Friday Letter Crazy caps

A Boston office deal with an expected cap rate of 6% begs the question - are some investors in danger of repeating the mistakes of 2006 and 2007? 

Just 18 months into the worst global real estate recession in a generation, few would have expected to hear fears of “crazy” cap rate compression.

However that’s exactly what’s happening in some US markets, as a dearth of transactions and increasing amounts of capital combine to create “bubbles” for high quality, core assets in the country’s most stable cities.

As investors search for the discounted deal of the decade, many industry professionals are warning cap rates for certain transactions are starting to reach levels not seen since the peak of 2006 and 2007. Delegates attending the annual winter forum for the Association of Foreign Investors in Real Estate in New York this week heard just such concerns when it emerged one Boston mixed-use office-retail property was expected to close at a near 6 percent cap rate after 27 qualified bidders threw their hats into the ring.

Such intense bidding has already seen several notable private equity real estate firms – across all the risk spectrums of core, value-add and opportunistic – withdraw from the Boston process. With a final 6 percent to 6.5 percent cap rate, the transaction was labelled “too rich” by one PERE source. Cap rates for central business district offices in Boston in 2009 ranged between 7.7 percent to 9.1 percent, according to data provider Real Capital Analytics.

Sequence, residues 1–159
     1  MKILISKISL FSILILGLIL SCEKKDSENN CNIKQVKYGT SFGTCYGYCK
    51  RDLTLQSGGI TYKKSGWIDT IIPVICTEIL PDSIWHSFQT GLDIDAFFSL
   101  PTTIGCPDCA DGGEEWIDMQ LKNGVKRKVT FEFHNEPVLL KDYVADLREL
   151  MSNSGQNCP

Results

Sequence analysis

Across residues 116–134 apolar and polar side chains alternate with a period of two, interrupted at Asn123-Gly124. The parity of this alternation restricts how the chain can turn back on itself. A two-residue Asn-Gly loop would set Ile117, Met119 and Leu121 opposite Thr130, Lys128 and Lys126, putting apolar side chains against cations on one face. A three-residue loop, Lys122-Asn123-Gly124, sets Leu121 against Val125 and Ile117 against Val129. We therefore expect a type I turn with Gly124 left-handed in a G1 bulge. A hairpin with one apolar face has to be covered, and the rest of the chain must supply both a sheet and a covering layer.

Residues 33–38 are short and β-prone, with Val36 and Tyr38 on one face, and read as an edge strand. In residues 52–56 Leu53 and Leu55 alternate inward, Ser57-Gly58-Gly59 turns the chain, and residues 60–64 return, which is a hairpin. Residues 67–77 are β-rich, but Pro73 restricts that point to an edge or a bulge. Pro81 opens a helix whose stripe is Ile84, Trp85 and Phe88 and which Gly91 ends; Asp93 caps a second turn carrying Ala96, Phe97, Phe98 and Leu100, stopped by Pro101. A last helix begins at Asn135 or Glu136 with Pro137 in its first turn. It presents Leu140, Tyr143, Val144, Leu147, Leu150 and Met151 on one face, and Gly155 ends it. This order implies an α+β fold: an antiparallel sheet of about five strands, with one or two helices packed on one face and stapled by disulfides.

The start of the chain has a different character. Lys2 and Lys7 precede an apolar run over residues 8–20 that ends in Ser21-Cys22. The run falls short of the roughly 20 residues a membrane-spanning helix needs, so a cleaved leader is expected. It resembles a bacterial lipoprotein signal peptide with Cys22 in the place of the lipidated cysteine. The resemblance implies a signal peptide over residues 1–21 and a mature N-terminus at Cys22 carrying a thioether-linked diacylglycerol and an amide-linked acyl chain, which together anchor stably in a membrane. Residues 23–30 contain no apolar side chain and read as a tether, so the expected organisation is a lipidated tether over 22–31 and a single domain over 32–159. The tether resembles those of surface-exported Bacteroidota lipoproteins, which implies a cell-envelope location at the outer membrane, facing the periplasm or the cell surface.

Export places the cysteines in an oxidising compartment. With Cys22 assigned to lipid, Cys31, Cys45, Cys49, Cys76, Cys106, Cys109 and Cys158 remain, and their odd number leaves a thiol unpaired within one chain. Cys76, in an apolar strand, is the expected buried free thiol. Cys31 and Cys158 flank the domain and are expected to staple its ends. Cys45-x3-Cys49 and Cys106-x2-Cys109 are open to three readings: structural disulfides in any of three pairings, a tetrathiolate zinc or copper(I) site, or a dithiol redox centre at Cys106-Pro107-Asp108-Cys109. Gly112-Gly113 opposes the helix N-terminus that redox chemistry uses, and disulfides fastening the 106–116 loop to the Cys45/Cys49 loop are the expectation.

With a reputed 10 bidders left in the game, the deal has highlighted fears of a liquidity bubble for the few trophy properties coming to market. Those fears are easy to understand. Global property deals are down more than 70 percent from the peak of 2007 and real estate investors worldwide view the US – particularly core assets – as the best opportunity for capital appreciation, according to the latest AFIRE survey. “The only explanation I have for that crazy pricing is that there are just not many alternatives to invest in,” one AFIRE speaker succinctly said this week.

Yet, in this desperate search for the best assets at the best prices, it’s vital to ask whether investors are forgetting the most important lesson learned from the last bubble: that of risk-management.

During the height of the market, buyers were often caught up in bidding wars and criticised for overpaying for assets which they then overleveraged. Leverage is no longer a real worry today, but – if the Boston deal is anything to go by – potential overpaying as a result of bidding wars could be. As the AFIRE speaker added: “Chasing what everyone else is chasing doesn’t seem to be a clever plan.”